In June this year, Swindon’s impressive collection of Modern British Art received a significant addition with an anonymous donation of fifty works of prints, paintings and drawings, in appreciation of Meryl Ainslie’s services to the Arts.
The works were given to the Museum and Art Gallery to enhance the already established collection and as an expression of support for the continued work towards a proposed new Museum and Art Gallery for Swindon.
A selection of the works were on display in ‘The Lie of the Land’ exhibition which closed on Saturday 18 November, and now a large selection of the remaining gifts will be displayed in ‘Paper: Drawings, prints and works on paper from the Swindon Collection’, an exhibition which opens on Wednesday 29 November and runs through till Saturday 14 April.
The exhibition features some fascinating examples of modern art. It includes drawings, watercolours and prints by modern and contemporary artists and demonstrates the huge range of effects that can be created using paper and imagination.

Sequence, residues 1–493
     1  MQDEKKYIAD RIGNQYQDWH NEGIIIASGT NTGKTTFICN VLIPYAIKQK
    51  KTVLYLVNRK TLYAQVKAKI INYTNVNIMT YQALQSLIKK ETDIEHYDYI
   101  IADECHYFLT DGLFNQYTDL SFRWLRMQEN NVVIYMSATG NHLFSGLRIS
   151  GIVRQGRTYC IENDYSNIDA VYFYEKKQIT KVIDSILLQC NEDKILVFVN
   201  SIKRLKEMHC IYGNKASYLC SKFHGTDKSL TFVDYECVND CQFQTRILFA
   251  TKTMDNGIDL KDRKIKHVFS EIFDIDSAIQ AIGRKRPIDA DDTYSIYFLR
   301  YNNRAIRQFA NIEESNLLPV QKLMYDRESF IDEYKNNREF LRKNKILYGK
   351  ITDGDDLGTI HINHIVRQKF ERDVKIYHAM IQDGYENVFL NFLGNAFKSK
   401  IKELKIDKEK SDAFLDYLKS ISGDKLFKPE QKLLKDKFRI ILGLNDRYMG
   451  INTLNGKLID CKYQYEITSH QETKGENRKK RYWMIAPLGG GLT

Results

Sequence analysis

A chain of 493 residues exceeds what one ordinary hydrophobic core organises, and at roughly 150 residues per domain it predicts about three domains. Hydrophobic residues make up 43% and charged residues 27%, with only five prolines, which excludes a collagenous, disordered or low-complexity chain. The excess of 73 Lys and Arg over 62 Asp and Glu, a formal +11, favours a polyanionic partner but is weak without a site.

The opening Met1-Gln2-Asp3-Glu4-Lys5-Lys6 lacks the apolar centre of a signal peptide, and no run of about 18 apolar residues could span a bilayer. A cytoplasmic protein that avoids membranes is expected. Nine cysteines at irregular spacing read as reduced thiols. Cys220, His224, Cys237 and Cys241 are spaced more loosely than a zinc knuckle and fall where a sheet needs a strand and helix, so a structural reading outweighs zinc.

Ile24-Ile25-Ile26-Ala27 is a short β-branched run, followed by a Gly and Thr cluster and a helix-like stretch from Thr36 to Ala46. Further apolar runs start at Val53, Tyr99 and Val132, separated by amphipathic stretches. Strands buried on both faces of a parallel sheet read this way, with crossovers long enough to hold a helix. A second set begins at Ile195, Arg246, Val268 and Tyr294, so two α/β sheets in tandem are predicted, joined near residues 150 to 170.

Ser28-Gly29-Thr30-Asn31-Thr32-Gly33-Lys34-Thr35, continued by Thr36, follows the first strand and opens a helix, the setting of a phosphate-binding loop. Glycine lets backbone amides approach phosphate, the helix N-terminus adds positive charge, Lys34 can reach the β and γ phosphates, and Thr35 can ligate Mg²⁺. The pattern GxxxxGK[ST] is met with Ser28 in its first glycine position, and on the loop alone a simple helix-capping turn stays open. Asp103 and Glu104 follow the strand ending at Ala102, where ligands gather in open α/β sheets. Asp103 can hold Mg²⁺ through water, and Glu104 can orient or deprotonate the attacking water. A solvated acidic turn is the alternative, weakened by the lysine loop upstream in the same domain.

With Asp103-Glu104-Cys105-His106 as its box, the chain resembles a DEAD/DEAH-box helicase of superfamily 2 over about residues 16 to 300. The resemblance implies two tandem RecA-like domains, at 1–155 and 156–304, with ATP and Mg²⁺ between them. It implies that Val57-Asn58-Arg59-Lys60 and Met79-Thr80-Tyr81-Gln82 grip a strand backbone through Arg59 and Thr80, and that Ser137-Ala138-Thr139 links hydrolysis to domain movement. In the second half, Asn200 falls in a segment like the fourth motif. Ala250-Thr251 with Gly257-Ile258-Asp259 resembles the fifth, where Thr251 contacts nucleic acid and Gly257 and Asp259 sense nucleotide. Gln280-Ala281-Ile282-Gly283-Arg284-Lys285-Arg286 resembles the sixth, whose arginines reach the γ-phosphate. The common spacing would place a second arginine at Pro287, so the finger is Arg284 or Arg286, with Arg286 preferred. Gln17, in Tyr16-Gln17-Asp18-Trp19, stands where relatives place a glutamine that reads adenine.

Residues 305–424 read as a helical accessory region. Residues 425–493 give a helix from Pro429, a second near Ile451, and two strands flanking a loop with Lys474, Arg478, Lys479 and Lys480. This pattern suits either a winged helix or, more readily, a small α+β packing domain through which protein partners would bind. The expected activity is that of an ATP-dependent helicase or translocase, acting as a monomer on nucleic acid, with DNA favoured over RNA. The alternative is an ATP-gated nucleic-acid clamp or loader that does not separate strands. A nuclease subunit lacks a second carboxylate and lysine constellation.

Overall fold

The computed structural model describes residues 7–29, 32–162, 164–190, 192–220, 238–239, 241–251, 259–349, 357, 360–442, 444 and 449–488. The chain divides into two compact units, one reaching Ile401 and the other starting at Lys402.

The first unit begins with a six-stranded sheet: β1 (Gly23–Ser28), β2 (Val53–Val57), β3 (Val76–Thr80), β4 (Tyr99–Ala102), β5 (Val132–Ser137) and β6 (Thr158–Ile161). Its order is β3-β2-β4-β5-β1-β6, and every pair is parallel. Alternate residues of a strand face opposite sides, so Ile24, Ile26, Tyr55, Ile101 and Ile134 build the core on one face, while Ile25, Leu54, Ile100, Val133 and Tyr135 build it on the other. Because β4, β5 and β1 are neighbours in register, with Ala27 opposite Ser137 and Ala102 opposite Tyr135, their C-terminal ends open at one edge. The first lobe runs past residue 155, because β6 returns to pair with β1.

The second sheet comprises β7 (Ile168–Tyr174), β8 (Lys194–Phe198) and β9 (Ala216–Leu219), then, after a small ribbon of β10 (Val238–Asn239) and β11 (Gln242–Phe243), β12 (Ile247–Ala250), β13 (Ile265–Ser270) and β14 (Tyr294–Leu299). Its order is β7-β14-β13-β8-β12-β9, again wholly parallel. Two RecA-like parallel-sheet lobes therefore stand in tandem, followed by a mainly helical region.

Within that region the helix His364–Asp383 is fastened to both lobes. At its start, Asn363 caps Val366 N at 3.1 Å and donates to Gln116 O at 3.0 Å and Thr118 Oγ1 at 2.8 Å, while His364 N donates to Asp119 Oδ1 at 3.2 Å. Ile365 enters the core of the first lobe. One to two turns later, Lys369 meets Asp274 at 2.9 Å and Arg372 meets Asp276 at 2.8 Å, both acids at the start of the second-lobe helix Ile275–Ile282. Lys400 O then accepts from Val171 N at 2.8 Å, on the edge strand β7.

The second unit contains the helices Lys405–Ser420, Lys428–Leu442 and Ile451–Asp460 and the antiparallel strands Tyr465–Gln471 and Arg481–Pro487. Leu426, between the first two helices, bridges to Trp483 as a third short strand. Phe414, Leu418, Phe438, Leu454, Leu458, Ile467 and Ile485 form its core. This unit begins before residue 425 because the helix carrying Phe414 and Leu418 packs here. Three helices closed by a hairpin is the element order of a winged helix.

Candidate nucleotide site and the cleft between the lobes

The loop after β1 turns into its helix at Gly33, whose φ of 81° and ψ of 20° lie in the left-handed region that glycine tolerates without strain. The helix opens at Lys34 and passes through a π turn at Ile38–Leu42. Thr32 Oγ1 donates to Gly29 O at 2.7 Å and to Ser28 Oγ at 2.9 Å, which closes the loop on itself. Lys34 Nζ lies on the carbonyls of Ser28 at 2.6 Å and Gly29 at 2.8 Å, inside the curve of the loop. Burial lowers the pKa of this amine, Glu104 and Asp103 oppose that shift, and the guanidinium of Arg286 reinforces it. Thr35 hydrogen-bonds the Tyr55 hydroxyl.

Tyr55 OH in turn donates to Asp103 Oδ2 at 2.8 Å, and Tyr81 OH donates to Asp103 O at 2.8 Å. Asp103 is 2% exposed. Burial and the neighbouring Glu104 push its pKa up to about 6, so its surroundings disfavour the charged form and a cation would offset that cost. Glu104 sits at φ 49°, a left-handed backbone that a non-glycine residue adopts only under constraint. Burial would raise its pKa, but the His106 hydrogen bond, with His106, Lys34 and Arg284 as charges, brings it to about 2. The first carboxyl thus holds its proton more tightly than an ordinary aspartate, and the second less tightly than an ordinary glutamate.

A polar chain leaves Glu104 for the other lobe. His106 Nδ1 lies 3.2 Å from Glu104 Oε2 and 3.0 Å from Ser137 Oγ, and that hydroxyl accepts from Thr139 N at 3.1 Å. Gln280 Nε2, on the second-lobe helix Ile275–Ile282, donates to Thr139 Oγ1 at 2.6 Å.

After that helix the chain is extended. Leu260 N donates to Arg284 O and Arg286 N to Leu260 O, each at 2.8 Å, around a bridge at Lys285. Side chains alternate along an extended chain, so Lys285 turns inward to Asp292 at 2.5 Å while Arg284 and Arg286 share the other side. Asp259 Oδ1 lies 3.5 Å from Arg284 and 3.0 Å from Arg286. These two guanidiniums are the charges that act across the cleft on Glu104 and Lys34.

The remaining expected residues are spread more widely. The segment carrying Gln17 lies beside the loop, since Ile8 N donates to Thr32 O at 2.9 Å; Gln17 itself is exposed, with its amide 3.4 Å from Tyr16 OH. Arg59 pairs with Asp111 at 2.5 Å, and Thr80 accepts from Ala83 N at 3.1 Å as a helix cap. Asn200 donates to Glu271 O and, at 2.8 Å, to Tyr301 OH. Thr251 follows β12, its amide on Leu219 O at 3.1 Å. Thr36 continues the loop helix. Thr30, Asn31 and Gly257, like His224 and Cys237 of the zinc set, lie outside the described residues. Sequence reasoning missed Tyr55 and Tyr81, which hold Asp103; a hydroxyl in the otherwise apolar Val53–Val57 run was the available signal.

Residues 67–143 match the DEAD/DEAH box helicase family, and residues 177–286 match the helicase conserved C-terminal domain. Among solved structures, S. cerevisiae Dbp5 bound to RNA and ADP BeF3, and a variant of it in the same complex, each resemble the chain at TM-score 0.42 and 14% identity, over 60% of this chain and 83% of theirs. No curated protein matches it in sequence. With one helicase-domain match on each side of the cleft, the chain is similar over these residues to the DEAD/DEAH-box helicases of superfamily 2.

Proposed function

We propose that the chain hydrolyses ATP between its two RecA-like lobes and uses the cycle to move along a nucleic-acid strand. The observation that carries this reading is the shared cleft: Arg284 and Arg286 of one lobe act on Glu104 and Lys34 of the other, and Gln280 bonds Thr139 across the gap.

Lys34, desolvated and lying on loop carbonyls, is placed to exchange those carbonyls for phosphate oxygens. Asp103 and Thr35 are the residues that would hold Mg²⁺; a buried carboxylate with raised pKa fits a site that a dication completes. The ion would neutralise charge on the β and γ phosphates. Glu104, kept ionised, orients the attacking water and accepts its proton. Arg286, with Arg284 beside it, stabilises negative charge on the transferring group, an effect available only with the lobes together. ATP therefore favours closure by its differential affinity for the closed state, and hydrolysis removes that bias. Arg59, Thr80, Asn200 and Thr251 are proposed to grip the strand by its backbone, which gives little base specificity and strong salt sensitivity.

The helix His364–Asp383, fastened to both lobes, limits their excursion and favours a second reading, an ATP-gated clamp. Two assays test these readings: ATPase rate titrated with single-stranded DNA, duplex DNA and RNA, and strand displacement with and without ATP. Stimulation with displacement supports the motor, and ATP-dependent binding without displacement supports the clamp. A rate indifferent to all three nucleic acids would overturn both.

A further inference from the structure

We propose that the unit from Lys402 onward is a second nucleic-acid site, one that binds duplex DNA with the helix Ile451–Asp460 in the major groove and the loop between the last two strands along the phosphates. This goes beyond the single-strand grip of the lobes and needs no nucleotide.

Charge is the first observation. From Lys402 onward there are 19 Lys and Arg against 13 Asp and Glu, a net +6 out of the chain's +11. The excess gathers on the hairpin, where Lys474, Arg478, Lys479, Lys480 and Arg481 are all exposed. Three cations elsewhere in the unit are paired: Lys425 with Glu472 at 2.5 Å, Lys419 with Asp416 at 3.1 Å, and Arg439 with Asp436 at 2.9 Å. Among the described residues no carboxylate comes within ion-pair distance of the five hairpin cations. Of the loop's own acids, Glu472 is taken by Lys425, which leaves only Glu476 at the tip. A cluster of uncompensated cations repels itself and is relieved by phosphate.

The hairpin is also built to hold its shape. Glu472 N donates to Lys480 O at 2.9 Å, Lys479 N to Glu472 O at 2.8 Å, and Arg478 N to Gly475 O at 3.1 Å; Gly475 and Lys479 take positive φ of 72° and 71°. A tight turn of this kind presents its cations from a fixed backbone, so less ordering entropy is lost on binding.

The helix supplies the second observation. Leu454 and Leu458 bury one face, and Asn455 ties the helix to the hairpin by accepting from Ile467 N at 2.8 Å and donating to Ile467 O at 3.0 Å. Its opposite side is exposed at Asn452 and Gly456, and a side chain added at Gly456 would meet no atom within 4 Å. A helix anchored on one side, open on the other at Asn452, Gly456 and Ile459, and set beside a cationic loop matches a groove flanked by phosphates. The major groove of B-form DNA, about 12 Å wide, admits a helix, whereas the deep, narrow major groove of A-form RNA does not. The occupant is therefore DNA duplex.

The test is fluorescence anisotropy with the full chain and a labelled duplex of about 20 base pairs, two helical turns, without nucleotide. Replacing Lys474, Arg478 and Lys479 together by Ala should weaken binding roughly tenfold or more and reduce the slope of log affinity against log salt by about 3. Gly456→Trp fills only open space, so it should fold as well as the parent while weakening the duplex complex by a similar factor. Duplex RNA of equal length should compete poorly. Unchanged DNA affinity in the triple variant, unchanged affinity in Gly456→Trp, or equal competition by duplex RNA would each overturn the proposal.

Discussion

Works featured include those by Allen Jones, Nicholas Monro, Michael Ayrton, Basil Beattie and Katherine Jones. These are displayed alongside prints by Joe Tilson, Eduardo Paolozzi and Cecil Collins, and drawings by George Clausen, Gwen John and Michael Craig-Martin.
Alongside ‘Paper’, we are also exhibiting works by important local artist, Janet Boulton, which also opens on 29 November and runs till Saturday 20 January.
Known internationally for her watercolours and paper relief works, Boulton was born in Swindon and attended the Swindon School of Art and Design. She went on to study at Camberwell School of Art, before returning to work as an art teacher at Swindon College, Commonweal School and Hereod Parkway.
In 1977, Swindon Museum and Art Gallery hosted an exhibition of the artist’s work called ‘Windows and Reflections’ so this is a welcome return to Swindon for Janet Boulton’s thoughtful artistic perspective. Swindon is increasingly known for its modern British art collection and Boulton’s own work embodies the innovation and distinct artistic voice which has characterised recent British art, while providing a subtle counterpoint to its more strident tendencies. It is appropriate that in 2017, to accompany this exhibition, Swindon has acquired three of the paintings originally displayed in her September 1977 show.